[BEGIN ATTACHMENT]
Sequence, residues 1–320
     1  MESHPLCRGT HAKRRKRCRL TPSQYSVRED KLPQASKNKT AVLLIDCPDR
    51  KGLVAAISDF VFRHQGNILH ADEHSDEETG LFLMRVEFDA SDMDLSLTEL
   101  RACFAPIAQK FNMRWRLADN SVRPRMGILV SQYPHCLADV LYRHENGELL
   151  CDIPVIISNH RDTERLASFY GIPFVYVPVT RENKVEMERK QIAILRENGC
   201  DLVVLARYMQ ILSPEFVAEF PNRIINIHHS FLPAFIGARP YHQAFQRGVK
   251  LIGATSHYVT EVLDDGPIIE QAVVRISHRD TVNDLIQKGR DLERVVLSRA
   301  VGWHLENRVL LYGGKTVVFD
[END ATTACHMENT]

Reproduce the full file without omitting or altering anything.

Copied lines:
Sequence, residues 1–320
     1  MESHPLCRGT HAKRRKRCRL TPSQYSVRED KLPQASKNKT AVLLIDCPDR
    51  KGLVAAISDF VFRHQGNILH ADEHSDEETG LFLMRVEFDA SDMDLSLTEL
   101  RACFAPIAQK FNMRWRLADN SVRPRMGILV SQYPHCLADV LYRHENGELL
   151  CDIPVIISNH RDTERLASFY GIPFVYVPVT RENKVEMERK QIAILRENGC
   201  DLVVLARYMQ ILSPEFVAEF PNRIINIHHS FLPAFIGARP YHQAFQRGVK
   251  LIGATSHYVT EVLDDGPIIE QAVVRISHRD TVNDLIQKGR DLERVVLSRA
   301  VGWHLENRVL LYGGKTVVFD